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Does php function parameters pass as ponter to object or as copy of object?

Its very clear in C++ but in php5 I don't know.

Example:

<?php
$dom=new MyDocumentHTMLDom();
myFun($dom);
?>

parameter $dom pass as pointer or as copy?

Thanks

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6 Answers 6

up vote 9 down vote accepted

In PHP5, objects are passed by reference. Well, not exactly in technical way, because it's a copy - but object variables in PHP5 are storing object IDENTIFIER, not the object itself, so essentially it's the same as passing by reference.

More here: http://www.php.net/manual/en/language.oop5.references.php

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Thank you Tomasz –  Yosef Jul 2 '10 at 13:36
    
"so essentially it's the same as passing by reference." No it is not at all. Pass by reference means you can modify the variable in the passing scope; since the variable is the object identifier, this means you can modify the object identifier in the calling scope from the function. This is not possible unless you explicitly pass by value (&), same with all other types. –  newacct Dec 25 '12 at 0:04
    
In the scope of this question, it is the same. The question was about passing object clone/copy or the same object to function call. In PHP "object" variables are essentially object identifiers which are handled at low level by PHP engine. From the developer point of view there's no such id present, but the object itself. And afformentioned object behaves as it was passed by reference. So we see the "object" variable which we can modify freely as it was passed by reference. What happens at low level is not important here, as developer doesn't have easy access to it anyway. –  Tomasz Struczyński Jan 17 '13 at 13:11

Objects are always pass by reference, so any modifications made to the object in your function are reflected in the original

Scalars are pass by reference. However, if you modify the scalar variable in your code, then PHP will take a local copy and modify that... unless you explicitly used the & to indicate pass by reference in the function definition, in which case modification is to the original

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"Objects are always pass by reference" NO, objects are not values, and cannot be "passed". You have an object reference (or object identifier), which can be passed by value or by reference, same with all other types of values. –  newacct Dec 25 '12 at 0:05
    
@newacct - nice to know that pedants will still downvote 2-year old answers: do you really believe that you're adding value to StackOverflow, or is it simply how you get your jollies? –  Mark Baker Dec 25 '12 at 0:37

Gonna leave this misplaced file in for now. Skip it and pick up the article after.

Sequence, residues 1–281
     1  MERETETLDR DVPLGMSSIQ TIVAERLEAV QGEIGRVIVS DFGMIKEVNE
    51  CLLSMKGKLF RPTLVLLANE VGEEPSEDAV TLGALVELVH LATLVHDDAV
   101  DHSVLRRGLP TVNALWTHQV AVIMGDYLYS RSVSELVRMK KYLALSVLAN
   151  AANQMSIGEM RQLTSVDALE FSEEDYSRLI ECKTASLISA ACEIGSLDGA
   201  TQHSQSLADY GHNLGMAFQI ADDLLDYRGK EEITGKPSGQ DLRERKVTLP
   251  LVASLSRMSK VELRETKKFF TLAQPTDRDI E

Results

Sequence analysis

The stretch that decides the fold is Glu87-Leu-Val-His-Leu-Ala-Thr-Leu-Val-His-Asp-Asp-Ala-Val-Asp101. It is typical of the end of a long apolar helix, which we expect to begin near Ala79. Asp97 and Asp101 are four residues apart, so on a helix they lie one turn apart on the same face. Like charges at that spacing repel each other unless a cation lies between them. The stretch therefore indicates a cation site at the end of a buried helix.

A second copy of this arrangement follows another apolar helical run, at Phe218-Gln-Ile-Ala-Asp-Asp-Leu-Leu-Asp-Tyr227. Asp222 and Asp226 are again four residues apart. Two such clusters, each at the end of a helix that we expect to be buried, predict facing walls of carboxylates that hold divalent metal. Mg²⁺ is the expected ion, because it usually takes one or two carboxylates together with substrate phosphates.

In PHP5, the default for objects is to pass by reference.

Here is one blog post that highlights this: http://mjtsai.com/blog/2004/07/15/php-5-object-references/

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3  
That's incorrect. It passes a copy of an object identifier. This creates a new zval struct in the internal symbol table. Passing by reference in PHP uses the same zval struct, but increments the refcounts and marks it as a reference. –  Daniel Egeberg Jul 2 '10 at 13:38

Copy, unless you specify, in your case, &$dom in your function declaration.

UPDATE

In the OP, the example was an object. My answer was general and brief. Tomasz Struczyński provided an excellent, more detailed answer.

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I think this is not exactly true, if the parameter is object. –  Tomasz Struczyński Jul 2 '10 at 13:16
1  
My mistake. I was speaking more generally. In this case the OP example was indeed an object. –  Jason McCreary Jul 2 '10 at 13:26
    
@TomaszStruczyński: It is always true. And the parameter cannot be "object" Objects are not values in PHP 5. In this case, it is an object reference. –  newacct Dec 25 '12 at 0:06

in php5 objects pass by reference, in php4 and older - by value(copy) to pass by reference in php4 you must set & before object's name

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It has nothing to do with function parameters. PHP 5 only has pointers to objects; it does not have "objects" as values. So your code is equivalent to this in C++:

MyDocumentHTMLDom *dom = new MyDocumentHTMLDom;
myFun(dom);

Now, many people mentioned pass by value or pass by reference. You didn't ask about this in the question, but since people mention it, I will talk about it. Like in C++ (since you mentioned you know C++), pass by value or pass by reference is determined by how the function is declared.

A parameter is pass by reference if and only if it has a & in the function declaration:

function myFun(&$dom) { ... }

just like in C++:

void myFun(MyDocumentHTMLDom *&dom) { ... }

If it does not, then it is pass by value:

function myFun($dom) { ... }

just like in C++:

void myFun(MyDocumentHTMLDom *dom) { ... }
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